When wisdom teeth start to come through you may feel some pain or discomfort. The reason for this is because they begin to push against the teeth that are already there and thus may sometimes come through at an angle. Also there may not be enough room in your mouth for your wisdom teeth.
A visit to the dentist is advisable. An x-ray will be taken to find out if it is your wisdom teeth and how they are coming through. From the x-ray the dentist will make a judgement on whether to take them out or not. Sometimes, no treatment is required and the pain will ease. However, sometimes extraction is required but this can be done under sedation.
Why do we have wisdom teeth?
Adults can have a maximum of 32 teeth. The wisdom teeth or third molars are the last to come through, right at the back. They usually appear between the ages of 17 and 25. Although sometimes they appear many years later.
Nowadays people often have jaws that are too small for all 32 teeth – 28 is often the most we have room for. So if all the other teeth are present and healthy there may not be enough room for the wisdom teeth to come through properly.
Do they always cause problems?
No. If there is enough room they will usually come through into a useful position and cause no more problems than any other tooth. Often there will be some slight discomfort as they come through, but this is only temporary and will disappear once the tooth is fully in position.
What is an impacted wisdom tooth?
If there is not enough room, the wisdom tooth may try to come through, but will get stuck against the tooth in front of it. The wisdom tooth will be at an angle, and will be described by the dentist as ‘impacted’.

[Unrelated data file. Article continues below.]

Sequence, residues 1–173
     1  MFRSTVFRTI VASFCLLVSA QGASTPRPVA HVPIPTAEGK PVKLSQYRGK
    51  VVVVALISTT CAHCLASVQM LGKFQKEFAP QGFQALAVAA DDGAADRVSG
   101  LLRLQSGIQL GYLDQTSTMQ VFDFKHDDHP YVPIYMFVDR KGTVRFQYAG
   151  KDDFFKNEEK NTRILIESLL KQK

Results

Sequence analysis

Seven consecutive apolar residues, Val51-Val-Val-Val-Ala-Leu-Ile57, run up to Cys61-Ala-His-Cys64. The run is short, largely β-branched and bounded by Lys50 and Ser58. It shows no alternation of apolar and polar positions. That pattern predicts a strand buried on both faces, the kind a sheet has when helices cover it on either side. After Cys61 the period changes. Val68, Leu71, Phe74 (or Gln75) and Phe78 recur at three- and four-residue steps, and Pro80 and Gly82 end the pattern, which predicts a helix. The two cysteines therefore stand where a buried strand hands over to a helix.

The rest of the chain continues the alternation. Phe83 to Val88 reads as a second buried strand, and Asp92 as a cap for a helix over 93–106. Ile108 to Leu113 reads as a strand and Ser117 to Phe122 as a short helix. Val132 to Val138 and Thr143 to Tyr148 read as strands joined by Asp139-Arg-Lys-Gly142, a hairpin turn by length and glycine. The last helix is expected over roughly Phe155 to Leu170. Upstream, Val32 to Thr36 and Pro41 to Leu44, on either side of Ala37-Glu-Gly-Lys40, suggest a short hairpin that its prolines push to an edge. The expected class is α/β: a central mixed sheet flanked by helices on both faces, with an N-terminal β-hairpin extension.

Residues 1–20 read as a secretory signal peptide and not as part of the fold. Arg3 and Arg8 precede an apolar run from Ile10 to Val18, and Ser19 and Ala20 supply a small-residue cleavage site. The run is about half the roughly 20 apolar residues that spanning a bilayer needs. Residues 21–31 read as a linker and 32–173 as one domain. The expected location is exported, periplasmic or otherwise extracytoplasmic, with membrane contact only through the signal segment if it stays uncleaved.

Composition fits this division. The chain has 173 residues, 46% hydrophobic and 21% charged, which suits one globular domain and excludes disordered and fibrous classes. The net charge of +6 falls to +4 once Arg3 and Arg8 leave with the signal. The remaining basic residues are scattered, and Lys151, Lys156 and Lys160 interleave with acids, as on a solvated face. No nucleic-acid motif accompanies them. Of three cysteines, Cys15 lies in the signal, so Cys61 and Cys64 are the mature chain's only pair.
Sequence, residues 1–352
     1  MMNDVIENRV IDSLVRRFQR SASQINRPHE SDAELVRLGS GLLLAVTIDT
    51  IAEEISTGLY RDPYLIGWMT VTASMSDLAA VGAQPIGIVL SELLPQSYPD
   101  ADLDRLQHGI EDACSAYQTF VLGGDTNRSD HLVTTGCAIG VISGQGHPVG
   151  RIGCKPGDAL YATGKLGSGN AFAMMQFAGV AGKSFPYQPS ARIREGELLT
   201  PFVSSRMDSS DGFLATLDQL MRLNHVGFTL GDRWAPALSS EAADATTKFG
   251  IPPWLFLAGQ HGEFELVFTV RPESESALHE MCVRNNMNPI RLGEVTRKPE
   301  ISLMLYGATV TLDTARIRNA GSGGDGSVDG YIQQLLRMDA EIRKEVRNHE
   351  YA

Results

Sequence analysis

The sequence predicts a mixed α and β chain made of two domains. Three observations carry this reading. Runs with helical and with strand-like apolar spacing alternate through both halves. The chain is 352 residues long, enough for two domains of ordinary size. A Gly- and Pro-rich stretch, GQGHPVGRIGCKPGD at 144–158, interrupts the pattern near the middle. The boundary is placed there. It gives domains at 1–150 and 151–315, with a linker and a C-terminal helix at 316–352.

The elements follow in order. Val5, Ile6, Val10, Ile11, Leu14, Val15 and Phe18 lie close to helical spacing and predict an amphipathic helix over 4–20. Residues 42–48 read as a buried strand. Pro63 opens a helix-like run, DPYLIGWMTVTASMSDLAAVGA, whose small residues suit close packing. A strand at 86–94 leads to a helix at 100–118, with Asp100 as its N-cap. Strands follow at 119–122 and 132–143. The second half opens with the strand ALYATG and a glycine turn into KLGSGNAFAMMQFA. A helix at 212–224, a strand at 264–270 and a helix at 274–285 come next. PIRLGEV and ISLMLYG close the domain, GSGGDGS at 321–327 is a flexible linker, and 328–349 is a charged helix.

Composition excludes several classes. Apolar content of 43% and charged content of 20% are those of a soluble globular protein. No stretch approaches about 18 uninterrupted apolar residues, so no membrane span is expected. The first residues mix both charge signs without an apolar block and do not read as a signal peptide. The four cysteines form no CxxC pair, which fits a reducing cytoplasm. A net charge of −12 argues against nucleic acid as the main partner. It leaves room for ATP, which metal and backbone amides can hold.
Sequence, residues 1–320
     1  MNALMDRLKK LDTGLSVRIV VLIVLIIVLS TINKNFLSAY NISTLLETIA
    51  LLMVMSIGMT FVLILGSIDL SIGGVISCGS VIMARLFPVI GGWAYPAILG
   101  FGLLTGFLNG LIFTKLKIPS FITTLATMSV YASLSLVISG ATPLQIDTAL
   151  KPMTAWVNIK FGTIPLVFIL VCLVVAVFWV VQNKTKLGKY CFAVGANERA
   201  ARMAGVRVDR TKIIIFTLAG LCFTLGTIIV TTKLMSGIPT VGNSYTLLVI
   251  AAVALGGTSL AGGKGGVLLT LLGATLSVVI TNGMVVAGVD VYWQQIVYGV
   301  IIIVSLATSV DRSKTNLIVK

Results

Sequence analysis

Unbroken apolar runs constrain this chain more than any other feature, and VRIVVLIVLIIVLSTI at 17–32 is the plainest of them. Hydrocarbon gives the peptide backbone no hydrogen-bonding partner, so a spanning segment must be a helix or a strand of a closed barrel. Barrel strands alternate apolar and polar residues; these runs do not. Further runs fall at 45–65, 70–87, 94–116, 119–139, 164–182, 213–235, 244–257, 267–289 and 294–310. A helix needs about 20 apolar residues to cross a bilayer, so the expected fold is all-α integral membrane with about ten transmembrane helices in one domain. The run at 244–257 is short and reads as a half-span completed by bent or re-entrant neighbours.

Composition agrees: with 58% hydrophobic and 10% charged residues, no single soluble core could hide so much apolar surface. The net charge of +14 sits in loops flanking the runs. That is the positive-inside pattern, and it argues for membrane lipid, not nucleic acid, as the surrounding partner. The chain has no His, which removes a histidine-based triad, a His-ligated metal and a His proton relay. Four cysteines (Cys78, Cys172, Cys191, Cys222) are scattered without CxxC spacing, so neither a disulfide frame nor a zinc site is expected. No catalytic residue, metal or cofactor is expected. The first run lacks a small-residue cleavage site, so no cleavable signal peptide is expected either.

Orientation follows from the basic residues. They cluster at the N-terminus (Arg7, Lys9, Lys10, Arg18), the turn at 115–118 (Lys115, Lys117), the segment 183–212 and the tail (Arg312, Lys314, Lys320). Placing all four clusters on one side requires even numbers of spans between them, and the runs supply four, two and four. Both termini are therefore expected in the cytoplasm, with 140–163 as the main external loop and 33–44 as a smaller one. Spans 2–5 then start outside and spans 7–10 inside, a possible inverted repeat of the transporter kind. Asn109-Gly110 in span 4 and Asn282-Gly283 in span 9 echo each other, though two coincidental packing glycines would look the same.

What problems should I be prepared for?
If part of the wisdom tooth has appeared through the gum and part of it is still covered, the gum may become sore and perhaps swollen. Food particles and bacteria can collect under the gum edge, and it will be difficult to clean the area effectively. This is known as pericoronitis. This is a temporary problem that can be dealt with by using mouthwashes and special cleaning methods and possibly antibiotics. If the problem keeps coming back, it may be better to have the tooth removed.
What can I do to help myself?
A mouthwash of medium hot water with a teaspoonful of salt will help to reduce gum soreness and inflammation. (Check it is not too hot before using it.) Swish the salt water around the tooth, trying to get into the areas your toothbrush cannot reach. This should be done several times a day. An antibacterial mouthwash containing chlorhexidine can also reduce the inflammation. Pain-relieving tablets such as paracetamol or asprin can also be useful in the short term, but consult your dentist if the pain continues. These should always be swallowed and in no circumstances placed on the area.
But if it does not help?
If the pain does not go away or you find it difficult to open your mouth, you should see a dentist. They will be able to see the cause of the problem, and advise you accordingly. It may be useful to clean around the tooth very thoroughly, and an antibiotic may be prescribed.